Romania Charges 16 over Washed-up Drugs

Опубликовано: 15 Июль 2020

Danube drugbust police picture by MediafaxRomanian police present the drugs they recovered from the Danube delta and the shores of the Black Sea to the public on 26 March, 2019. (Credit: MEDIAFAX FOTO)

When packages of cocaine started washing up on the beaches of the Black Sea last year, it made headlines around the world. Romanian police swiftly scrambled hundreds of officers in what they said was an unprecedented search for the seaborne drugs.

After scouring the coastline, police collected a total of 1.8 tons of the white powder worth an estimated 600 million euros (US$685 million). 

On Wednesday, Bucharest prosecutors said they had brought charges against 14 people they believe are behind the huge haul. They include Joseph Nour Eddine Nasrallah, one of Brazil’s most prolific drug lords, who has been charged in absentia with drug trafficking and being part of an organized crime group.

“In operation ... ‘GRIMM BROTHERS,’ an organized crime group was investigated for transporting drugs by sea to Romania, namely to the Black Sea-Delta of [the] Danube” river,” according to the press release. 

“The final destination of the drugs was the Western Balkans, but also Western Europe, Holland, Belgium and Spain,” prosecutors said.

Nasrallah, nicknamed “the Sheik,” has a long criminal history. Last year he was jailed and sentenced to 22 years in his adopted country of Brazil — the latest in a series of arrests, convictions, and releases for narcotics offenses that stretch back to 2007. In Lebanon, where he was born, he has been handed five life sentences for drug trafficking, according to the court documents.

Court documents seen by OCCRP reveal how Nasrallah’s alleged plan to ship several tons of cocaine from South America to Europe went awry.

Romanian prosecutors said the drug lord had told associates he wanted to sell a major shipment of cocaine to Europe in December 2018. He already had 3 tons of the drug from Brazil and Colombia stashed in a warehouse — now he just needed a buyer. 

Prosecutors alleged that by January, Nasrallah had found buyers for his cocaine: the “Balkan Cartel from Serbia.” Early the next month, his gang moved the drugs from the warehouse near the Brazilian port of Belem, loaded them into small boats, and delivered them to the RB Eden cargo ship.

The ship soon left Brazil for Turkey, where it arrived on March 1. What happened next is unclear, but Romanian prosecutors think around 300 kilograms of the cocaine ended up in the hands of a Turkish organized crime group. The rest was allegedly loaded onto another ship, the Sormovsky 121, which crossed the Black Sea into Romainian waters.

The cocaine was already divided into kilogram sacks branded with various logos, including a Fleur de Lis, “CARTIER,” “4G,” “Louis Vuitton” and Albania’s national emblem. Prosecutors allege the packages were stuffed into bags, which were bound together with life vests — some bearing the Brazilian flag — and left to float not far from Romania’s coast around midday on March 17.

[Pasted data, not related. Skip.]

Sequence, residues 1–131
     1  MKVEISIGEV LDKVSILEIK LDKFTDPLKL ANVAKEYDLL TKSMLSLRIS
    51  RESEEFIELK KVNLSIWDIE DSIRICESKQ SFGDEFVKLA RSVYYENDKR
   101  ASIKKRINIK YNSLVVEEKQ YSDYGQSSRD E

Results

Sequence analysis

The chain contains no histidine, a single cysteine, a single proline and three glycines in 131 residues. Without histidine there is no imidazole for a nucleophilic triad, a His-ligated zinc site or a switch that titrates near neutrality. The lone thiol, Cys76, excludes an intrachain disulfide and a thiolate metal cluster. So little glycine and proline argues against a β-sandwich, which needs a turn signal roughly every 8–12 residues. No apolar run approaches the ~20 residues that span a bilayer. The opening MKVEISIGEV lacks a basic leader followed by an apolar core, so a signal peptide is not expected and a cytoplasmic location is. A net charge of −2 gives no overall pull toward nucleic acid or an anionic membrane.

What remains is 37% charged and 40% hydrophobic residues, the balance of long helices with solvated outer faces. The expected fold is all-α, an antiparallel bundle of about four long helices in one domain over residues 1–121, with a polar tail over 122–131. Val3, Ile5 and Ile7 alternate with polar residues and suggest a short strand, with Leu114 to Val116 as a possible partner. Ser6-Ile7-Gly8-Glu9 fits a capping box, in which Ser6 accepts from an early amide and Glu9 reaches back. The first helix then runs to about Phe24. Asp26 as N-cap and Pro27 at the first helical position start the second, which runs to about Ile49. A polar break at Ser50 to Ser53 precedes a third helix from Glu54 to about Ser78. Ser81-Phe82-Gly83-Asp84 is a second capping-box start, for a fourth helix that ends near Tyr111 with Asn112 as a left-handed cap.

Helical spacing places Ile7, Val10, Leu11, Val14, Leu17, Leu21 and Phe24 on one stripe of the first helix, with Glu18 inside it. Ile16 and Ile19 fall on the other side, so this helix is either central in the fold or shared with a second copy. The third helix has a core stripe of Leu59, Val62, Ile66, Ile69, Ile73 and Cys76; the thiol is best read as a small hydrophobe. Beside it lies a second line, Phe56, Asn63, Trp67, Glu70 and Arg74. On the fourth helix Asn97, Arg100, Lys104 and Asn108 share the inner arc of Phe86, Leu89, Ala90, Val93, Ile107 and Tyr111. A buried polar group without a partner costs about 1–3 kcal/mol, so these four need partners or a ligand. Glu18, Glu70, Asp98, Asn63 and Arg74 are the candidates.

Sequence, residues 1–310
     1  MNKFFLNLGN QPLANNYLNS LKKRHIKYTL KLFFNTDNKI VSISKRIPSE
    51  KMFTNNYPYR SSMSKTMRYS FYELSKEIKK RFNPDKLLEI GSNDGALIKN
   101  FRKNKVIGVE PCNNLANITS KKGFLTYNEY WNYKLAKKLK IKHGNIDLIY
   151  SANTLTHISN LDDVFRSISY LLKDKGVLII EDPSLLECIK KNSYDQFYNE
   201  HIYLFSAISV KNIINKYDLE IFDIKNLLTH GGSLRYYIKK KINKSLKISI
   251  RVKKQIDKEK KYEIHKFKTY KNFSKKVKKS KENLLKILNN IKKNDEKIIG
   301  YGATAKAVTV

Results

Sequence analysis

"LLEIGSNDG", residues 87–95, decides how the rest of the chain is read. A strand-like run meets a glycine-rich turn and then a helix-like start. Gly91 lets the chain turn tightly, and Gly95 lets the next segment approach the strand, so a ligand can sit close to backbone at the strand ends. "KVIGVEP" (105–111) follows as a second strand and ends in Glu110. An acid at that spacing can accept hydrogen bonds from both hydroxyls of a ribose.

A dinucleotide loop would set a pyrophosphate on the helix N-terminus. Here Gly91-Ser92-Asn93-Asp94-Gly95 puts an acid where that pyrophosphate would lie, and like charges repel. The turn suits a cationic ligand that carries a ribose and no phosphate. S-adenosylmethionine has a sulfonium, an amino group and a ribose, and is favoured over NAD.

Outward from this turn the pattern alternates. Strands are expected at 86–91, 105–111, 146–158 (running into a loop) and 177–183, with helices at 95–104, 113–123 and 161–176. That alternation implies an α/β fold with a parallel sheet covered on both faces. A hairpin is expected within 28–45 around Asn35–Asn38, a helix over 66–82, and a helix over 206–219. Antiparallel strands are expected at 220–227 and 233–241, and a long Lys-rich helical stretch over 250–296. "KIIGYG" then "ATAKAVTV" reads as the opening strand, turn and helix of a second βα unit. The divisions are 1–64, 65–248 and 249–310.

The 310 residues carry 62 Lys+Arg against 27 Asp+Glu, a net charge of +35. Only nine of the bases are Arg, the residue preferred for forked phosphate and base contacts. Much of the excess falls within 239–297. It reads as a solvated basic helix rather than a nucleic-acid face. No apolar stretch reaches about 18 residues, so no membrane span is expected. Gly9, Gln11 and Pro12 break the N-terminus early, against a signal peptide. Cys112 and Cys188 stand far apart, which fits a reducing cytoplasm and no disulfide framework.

They were picked up, according to the court documents, by a team of criminal contractors hired by the “Balkan Cartel.” Led by Leon Palacios Ruben Pedro — who has since been imprisoned in Spain for fraud, forgery and driving crimes — the group of Spaniards, Romanians and Ukrainians were allegedly known in the underworld for their skills at retrieving drugs from the sea.

Romanian prosecutors said the group of professional divers were so “specialized in this field” that they “were used frequently by Spanish organized crime groups for this type of operation in Spanish waters."

Around 4 p.m. on March 18, more than 24 hours after the drugs had been left floating, the Danube border patrol logged two boats making their way through the vast marshy delta where the river meets the salty waters of the Black Sea.

Investigators believe the recovery team found the cocaine and started to load the packages into  speed boats, but the huge haul proved to be too heavy. One of the vessels capsized near Sfăntu Gheorghe beach, sending at least 1.8 tons of cocaine spilling into the water.

Chastened but alive, the team grabbed what they could and returned to shore. There, they loaded some 30 bags of cocaine into a van and drove it to a parking lot in a small village in the delta to be picked up by two drivers who worked for Serbian gangster Stojic Predrag, who the court documents say was working with the Balkan Cartel. 

On the evening of March 21, the Serbian drivers arrived to move the drugs. But after finding only 30 bags, they began arguing and drove off leaving the stash in the van with the keys on its front wheel. Unknown to them they had been seen by a security guard, who found the cocaine after they left. He called the police, but the Serbians returned and took the drugs before they arrived. 

Police caught one of the drivers two days later, but his truck was empty. The other one was stopped as he tried to cross the border to Serbia. Investigators believe he had been transporting the drugs, but left them in south Romania after hearing his colleague had been apprehended. 

Both drivers are currently on trial in Romania for drug trafficking and being members of an organized crime group. 

Most of the extraction team left around the same time. Team leader Ruben and his girlfriend were stopped by traffic police for towing a boat without a license, but managed to bribe their way out of trouble by paying 2,000 euros. They then abandoned the boat, which was later found to have 3 kilograms of cocaine stashed inside, and left the country. 

The two policemen who allegedly accepted the bribe were among a total of 16 people charged by prosecutors on Wednesday.